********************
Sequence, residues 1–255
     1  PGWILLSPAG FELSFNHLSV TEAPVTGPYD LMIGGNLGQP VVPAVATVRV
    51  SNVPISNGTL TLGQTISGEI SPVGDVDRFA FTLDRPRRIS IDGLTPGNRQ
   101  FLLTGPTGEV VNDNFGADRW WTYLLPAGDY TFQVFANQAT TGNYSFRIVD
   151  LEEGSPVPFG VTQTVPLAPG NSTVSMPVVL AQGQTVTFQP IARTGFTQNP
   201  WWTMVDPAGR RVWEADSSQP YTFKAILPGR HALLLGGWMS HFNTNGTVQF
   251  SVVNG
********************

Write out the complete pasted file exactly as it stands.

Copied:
Sequence, residues 1–255
     1  PGWILLSPAG FELSFNHLSV TEAPVTGPYD LMIGGNLGQP VVPAVATVRV
    51  SNVPISNGTL TLGQTISGEI SPVGDVDRFA FTLDRPRRIS IDGLTPGNRQ
   101  FLLTGPTGEV VNDNFGADRW WTYLLPAGDY TFQVFANQAT TGNYSFRIVD
   151  LEEGSPVPFG VTQTVPLAPG NSTVSMPVVL AQGQTVTFQP IARTGFTQNP
   201  WWTMVDPAGR RVWEADSSQP YTFKAILPGR HALLLGGWMS HFNTNGTVQF
   251  SVVNG